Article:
Sunday, March 18, 2012

Karen IDPs protest dam projects on Salween River

E-tu Hta Karen refugee camp

(Mizzima) - Hundreds of men, women and children thronged the sand bank of Salween river in the boat-stop area of E-tu Hta temporary Karen Refugee Camp. They came together on March 14 to observe the International Day of Action for Rivers and to protest against dam projects on the Salween.

People listened to speakers providing information, support and encouragement before floating a raft with a poster saying "No Dam" down the Salween. The villagers are Internally Displaced Persons (IDP) from Ho Kay, Por Ka Der and E-tu Hta refugee camp.

E-tu Hta temporary refugee camp lies on the banks of the Salween river, the border between Karen state in Burma and Mae Hong Son Province in Thailand. The year marks the sixth consecutive anti-dam event focused on the Salween River, coordinated by Karen Rivers Watch, a coalition of Karen social groups along with villagers. They have been organizing events annually since 2004.

“This annual event of anti-dam day aims to keep the spirit of awareness of dams on the Salween River up-to-date and show the solidarity that our Karen people have towards broader anti-dam movement (or global movement) organized by other people affected by dams. We are against mega dams; full stop”, said Saw Johnny Lay, the spokesperson for KRW and the primary event organiser.

There are three dams proposed for the Salween River - the Wei Gyi, Dagwei and Hat Gyi in a conflict zone.

Villagers are concerned that these dams will repeat the mistakes of previous dam construction projects; people being forcibly removed from their livelihood and homes; Karen people being the target of vicious assaults and random killings; destruction of the ecological balance of the area; and people’s traditional way of life. Many of them shared their bitter experience of the Law Pi Ta dam construction in Karenni State and ongoing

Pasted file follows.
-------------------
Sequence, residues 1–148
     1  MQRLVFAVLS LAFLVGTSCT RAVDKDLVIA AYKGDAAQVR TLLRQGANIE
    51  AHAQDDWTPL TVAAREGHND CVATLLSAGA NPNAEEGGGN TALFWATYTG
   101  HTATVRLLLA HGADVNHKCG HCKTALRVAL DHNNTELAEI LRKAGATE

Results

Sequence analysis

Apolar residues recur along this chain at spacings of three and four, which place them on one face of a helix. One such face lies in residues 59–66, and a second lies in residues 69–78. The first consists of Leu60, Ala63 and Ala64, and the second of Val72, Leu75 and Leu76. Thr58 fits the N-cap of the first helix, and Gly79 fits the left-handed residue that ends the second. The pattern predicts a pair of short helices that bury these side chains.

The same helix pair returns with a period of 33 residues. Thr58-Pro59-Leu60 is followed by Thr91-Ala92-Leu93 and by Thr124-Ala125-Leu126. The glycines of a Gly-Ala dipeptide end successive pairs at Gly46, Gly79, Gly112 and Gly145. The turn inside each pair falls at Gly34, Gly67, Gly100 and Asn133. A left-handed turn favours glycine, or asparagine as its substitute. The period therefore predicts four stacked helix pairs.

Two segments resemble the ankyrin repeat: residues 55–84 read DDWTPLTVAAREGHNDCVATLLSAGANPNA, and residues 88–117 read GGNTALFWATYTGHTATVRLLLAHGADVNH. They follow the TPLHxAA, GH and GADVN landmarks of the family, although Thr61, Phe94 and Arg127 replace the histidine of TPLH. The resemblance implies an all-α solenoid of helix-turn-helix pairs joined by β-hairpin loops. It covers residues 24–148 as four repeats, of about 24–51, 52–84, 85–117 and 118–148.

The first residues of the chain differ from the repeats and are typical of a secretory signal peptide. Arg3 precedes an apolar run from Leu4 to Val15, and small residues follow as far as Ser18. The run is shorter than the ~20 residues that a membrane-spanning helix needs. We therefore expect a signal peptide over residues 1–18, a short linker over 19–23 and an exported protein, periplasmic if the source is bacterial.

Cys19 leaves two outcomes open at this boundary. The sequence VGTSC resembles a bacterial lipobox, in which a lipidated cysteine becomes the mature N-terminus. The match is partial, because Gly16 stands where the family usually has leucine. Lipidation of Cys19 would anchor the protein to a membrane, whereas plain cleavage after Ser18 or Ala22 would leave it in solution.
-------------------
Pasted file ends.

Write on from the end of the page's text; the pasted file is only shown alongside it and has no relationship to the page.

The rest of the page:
One day before the event, there was a women's forum with local villagers and a children's forum with basic education for students in the area organized to educate the villagers, with more than a hundred women and children participating in one day workshops. These activities included an update on the dam situation and encouraged participation in environmental protection.

Saw Lawplah, one of the organisers said, "We need a people-to-people advocating strategy--to expand our idea, and to make sure that environmental idea is in all our Karen hearts. Karen for Karen people."

This message of "No Dam" by the protesters loudly proclaims to all those people living along the Salween that there is a concerted effort to protect the Salween from dams. 


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